Although noted on early maps of the Cahokia site and tested by Warren K. Moorehead in 1921 and 1922, the mound was not excavated until 1950 by James B. Griffin and Albert Spaulding. Their small excavations produced large amounts of pottery shards, the remains of the first engraved shell cup found at Cahokia, and fragments of repousséd copper plates. In 1956 the mound underwent further excavations by Gregory Perino, funded by the Gilcrease Museum. He uncovered numerous shell fragments and a bed of charcoal he thought was for "ceremonial fires". He also found an area littered with copper fragments, several copper stained posts and described the area as turning green upon exposure to the air. He described the feature as a possible copper workshop. In the late 1990s archaeologists began examining Perinos field notes and artifacts collected from Mound 34 in order to further refine the Mississippian Art and Ceremonial Complex, define its connection to Cahokia, and find the theorized copper workshop. The site of the mound was relocated (poor mapping by past archaeologists and agricultural flattening had made the exact location tenuous), and an extensive series of excavations were begun at the site from 1998 to 2012. Excavations in 1999 discovered several raw copper nuggets and more pieces of worked copper, confirming the location as a copper workshop, the first confirmed find of this sort at any Mississippian site.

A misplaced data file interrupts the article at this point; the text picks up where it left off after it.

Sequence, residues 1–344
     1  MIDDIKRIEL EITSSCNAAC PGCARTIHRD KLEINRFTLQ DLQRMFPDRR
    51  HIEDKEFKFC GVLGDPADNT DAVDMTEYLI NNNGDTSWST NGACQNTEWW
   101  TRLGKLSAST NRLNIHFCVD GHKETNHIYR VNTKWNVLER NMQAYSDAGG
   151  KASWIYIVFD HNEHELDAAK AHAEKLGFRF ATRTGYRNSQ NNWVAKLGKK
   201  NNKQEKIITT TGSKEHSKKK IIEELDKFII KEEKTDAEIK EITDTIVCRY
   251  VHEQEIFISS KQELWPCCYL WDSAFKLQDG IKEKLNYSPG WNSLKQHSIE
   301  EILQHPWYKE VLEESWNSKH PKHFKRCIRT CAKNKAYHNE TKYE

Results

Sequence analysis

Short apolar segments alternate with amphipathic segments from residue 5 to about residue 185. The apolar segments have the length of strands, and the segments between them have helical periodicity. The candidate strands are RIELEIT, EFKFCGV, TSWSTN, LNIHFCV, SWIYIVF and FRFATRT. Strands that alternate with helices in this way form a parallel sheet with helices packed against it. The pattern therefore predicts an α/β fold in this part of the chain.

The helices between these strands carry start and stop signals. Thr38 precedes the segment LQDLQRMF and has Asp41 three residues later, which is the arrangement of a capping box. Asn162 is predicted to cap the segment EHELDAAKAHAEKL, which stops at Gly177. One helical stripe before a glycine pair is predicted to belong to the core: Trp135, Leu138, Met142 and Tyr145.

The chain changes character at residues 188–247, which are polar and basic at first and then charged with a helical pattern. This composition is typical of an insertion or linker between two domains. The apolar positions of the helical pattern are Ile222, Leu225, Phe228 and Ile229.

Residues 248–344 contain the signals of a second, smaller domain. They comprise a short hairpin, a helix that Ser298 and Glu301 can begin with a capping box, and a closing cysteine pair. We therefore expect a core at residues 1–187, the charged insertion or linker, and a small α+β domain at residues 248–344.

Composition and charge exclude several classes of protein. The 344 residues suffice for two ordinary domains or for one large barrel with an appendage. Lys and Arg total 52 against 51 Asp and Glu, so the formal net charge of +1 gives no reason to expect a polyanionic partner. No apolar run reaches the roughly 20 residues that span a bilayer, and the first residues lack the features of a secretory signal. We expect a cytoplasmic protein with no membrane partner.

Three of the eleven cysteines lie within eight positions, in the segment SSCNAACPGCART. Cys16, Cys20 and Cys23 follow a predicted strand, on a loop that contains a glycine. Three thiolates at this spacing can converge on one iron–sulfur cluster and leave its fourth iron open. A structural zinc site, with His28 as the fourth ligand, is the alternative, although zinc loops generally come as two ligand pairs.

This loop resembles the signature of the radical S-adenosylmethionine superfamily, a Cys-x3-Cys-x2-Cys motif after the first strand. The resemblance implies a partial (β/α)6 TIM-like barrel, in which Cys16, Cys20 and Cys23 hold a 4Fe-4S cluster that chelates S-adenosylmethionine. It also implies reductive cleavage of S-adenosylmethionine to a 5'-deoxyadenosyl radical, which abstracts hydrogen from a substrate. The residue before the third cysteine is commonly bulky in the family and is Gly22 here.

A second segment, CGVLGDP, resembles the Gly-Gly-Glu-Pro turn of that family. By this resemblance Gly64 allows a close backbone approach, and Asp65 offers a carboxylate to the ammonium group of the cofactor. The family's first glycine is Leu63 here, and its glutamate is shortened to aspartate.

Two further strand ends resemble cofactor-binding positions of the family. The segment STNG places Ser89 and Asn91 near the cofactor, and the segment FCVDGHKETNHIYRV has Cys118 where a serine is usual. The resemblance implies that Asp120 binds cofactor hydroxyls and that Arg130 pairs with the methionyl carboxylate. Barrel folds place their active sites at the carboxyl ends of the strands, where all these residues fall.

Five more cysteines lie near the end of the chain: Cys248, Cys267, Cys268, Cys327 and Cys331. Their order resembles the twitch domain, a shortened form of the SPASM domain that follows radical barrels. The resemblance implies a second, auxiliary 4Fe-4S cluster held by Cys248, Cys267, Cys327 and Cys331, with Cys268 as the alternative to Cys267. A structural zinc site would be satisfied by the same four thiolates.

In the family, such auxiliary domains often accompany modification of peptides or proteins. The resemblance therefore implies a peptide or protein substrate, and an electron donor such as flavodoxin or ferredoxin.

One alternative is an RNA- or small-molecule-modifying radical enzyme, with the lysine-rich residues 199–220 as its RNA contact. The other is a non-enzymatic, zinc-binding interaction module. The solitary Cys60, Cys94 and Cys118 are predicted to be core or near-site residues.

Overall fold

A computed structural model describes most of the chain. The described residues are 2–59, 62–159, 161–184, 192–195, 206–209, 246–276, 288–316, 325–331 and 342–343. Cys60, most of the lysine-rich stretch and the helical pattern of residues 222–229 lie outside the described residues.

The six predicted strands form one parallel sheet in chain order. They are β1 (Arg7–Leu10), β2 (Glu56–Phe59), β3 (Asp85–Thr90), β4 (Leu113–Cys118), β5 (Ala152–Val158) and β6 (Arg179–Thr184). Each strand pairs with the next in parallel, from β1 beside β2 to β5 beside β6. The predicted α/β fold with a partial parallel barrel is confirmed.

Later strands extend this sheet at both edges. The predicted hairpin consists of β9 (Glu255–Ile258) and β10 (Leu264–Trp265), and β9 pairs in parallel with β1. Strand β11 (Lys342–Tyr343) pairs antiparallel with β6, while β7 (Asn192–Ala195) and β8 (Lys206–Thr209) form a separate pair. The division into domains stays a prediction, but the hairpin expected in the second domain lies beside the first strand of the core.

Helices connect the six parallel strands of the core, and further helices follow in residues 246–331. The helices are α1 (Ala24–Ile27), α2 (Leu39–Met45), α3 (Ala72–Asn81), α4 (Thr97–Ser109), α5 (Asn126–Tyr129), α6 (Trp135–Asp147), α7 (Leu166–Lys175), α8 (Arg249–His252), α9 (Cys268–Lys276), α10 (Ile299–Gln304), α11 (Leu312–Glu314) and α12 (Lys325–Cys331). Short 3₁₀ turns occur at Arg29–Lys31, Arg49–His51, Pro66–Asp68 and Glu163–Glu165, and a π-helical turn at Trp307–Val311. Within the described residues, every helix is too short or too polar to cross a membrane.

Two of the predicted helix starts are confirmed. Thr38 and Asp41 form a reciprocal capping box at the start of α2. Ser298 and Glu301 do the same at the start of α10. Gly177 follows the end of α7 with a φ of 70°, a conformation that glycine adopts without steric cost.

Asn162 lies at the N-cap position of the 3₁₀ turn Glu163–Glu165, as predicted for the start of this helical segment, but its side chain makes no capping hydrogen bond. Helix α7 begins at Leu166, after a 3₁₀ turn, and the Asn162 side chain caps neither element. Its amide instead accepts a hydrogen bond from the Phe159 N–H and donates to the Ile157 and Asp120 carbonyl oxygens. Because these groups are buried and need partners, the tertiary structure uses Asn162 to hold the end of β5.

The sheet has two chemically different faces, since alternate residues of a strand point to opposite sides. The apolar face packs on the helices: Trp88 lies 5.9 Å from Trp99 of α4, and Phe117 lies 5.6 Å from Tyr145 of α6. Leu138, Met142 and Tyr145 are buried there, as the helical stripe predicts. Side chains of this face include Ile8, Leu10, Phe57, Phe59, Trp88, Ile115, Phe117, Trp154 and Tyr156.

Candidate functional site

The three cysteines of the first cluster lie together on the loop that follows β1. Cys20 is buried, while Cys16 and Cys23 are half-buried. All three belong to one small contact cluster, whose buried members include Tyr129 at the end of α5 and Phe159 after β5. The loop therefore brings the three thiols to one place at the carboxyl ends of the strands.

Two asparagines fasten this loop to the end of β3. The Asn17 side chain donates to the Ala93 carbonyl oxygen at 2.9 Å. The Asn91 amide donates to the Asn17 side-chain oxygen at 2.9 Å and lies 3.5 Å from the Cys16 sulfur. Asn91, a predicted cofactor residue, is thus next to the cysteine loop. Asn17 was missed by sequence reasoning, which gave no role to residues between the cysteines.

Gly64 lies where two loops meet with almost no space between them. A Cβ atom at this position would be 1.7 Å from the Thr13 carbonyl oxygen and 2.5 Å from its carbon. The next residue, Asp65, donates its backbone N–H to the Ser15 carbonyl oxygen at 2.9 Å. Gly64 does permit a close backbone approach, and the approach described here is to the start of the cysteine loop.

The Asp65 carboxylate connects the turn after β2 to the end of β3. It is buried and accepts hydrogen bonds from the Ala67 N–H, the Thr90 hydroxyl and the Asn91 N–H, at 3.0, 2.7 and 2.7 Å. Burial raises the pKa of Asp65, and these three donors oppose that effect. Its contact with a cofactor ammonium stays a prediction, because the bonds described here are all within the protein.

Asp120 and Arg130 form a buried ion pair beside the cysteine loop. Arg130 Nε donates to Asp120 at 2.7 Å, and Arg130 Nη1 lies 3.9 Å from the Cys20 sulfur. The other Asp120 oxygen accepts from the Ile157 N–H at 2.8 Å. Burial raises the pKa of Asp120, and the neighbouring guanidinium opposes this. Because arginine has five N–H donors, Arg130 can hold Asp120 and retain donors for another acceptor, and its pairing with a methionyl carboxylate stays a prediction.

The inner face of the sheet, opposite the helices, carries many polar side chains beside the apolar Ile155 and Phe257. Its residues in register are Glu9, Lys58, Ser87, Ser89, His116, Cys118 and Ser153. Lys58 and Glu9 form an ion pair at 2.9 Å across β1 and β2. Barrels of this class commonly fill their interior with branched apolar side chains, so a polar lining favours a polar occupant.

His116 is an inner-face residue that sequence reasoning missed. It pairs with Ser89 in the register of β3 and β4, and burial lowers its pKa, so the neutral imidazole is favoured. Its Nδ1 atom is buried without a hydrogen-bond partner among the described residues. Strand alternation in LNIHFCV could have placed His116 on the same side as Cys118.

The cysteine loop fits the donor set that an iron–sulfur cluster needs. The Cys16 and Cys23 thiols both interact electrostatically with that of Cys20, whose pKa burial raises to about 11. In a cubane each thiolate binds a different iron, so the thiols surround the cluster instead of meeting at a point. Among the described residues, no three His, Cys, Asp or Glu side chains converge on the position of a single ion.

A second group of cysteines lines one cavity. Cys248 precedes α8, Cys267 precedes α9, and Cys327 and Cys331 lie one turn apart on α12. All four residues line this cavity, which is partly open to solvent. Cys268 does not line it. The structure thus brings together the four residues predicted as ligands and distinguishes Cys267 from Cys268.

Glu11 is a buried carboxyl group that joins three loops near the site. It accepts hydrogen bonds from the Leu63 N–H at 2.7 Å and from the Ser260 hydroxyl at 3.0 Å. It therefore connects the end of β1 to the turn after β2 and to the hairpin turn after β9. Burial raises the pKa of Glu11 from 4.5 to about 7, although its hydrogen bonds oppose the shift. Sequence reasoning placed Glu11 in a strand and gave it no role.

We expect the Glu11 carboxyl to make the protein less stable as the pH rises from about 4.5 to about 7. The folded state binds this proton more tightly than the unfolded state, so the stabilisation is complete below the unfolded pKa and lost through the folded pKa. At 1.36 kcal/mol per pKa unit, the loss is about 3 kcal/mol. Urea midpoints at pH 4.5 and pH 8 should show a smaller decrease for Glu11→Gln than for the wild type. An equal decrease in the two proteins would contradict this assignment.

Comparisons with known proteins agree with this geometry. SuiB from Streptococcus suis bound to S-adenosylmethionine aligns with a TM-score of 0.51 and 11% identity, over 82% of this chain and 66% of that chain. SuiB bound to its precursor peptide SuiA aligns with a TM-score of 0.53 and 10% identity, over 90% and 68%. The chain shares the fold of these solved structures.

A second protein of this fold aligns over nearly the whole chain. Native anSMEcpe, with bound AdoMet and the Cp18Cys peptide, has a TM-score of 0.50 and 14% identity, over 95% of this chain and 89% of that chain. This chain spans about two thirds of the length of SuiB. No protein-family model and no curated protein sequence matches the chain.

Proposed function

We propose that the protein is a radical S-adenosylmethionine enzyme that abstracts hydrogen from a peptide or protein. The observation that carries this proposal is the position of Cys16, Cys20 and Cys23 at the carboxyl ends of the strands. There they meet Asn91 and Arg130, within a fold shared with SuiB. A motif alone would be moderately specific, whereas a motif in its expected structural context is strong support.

Mound 34 Facts for Kids. Kiddle Encyclopedia.